Already exhausted, we arrive midway through his team's first at-bat.

Big Brother goes through much of the game in a TOTAL FOG. Fortunately, he's out in left-center field, where absolutely NOTHING gets hit.

At one point, right in the middle of the game as someone is batting, he starts running right across the field towards me. You guessed it, he had to pee. Fortunately, Mom-E has arrived from work by this time, and is able to assist His Urinariness.

At a few other instances during the game, we spot Big Brother grabbing his crotch out in the outfield. Mom-E and I fear the worst (an impending pee-a-thon), but are relieved (pun intended) that he's just trying to keep his pants up. (He has a belt, but there is no such thing as baseball pants that fit 4 year-olds. Several small clowns could fit into those pants).

Big Brother gets to bat twice. He actually hits the ball pretty solidly up the middle (most of the kids hit just a little trickle to the pitcher's mound). However, after he hits, he stands there with NO idea what to do (or is too tired or too afraid to move).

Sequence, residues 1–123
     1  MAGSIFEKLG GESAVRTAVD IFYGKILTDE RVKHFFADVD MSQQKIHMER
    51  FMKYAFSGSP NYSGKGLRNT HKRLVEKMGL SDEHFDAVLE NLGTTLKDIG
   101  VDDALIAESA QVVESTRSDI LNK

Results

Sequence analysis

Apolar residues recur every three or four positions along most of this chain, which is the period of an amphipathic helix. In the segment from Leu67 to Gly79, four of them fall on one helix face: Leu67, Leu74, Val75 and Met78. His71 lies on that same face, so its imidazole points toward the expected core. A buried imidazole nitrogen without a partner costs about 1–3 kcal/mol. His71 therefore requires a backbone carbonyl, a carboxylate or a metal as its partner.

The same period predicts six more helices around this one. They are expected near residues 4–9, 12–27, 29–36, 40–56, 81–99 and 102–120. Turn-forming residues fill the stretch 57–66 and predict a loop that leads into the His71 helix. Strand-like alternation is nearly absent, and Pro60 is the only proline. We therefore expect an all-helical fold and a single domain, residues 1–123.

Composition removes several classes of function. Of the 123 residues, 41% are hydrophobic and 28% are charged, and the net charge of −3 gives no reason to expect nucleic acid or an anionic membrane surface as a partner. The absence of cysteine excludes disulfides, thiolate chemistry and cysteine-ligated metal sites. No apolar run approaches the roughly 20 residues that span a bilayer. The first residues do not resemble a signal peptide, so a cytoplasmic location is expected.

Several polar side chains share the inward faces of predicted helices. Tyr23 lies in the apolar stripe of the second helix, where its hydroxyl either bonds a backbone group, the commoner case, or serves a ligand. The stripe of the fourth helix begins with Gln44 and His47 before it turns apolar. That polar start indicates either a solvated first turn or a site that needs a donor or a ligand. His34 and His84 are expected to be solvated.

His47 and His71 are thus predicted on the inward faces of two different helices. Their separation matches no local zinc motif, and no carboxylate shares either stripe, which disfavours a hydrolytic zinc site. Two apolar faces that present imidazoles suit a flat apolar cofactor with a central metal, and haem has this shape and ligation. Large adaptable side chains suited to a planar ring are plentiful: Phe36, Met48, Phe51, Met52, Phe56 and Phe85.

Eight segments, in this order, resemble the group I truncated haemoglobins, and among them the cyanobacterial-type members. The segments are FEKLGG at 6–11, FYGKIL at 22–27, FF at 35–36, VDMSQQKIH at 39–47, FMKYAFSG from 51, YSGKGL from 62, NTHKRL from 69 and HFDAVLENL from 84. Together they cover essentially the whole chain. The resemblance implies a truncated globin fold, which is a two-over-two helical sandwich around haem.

This phenomenon generalizes to most of the kids. They hit the ball, and then stand there with a neon sign over their heads reading "What do I do now?" Only after much yelling encouragment from coaches and fans do the kids run to first base.

Big Brother manages to run the bases (most of them). He makes it to third. On the next hit, instead of heading home, he makes an excursion to the pitcher's mound (the more direct route back to the dugout).

His fatigue becomes even more evident as the game progresses. At the changover between innings, after all the other kids from his team have returned to the dugout, he's still standing out in left-center, staring aimlessly.

He has no clue that he's alone out there. Maybe it's because he's adjusted his hat so big that it's covering his eyes and most of his upper face.

To add insult to injury, there are two other kids there, one on each team, also named "Big Brother." This is another source of confusion, as he starts to run out of the dugout every time someone calls out, "Big Brother", even when it is not his turn.

At 7pm the game is over. Out of nowhere, the opposing team let's out a loud cheer, and the players run through a 10 yard-long tunnel created by the arms of the parents.

Big Brother, on the other hand, manages to be carried IN the arms of his parents, his head plunked down on my shoulder.

Now I know what they mean by "Take me out with the crowd."

We'll try it again next week, hopefully with a longer nap before the game.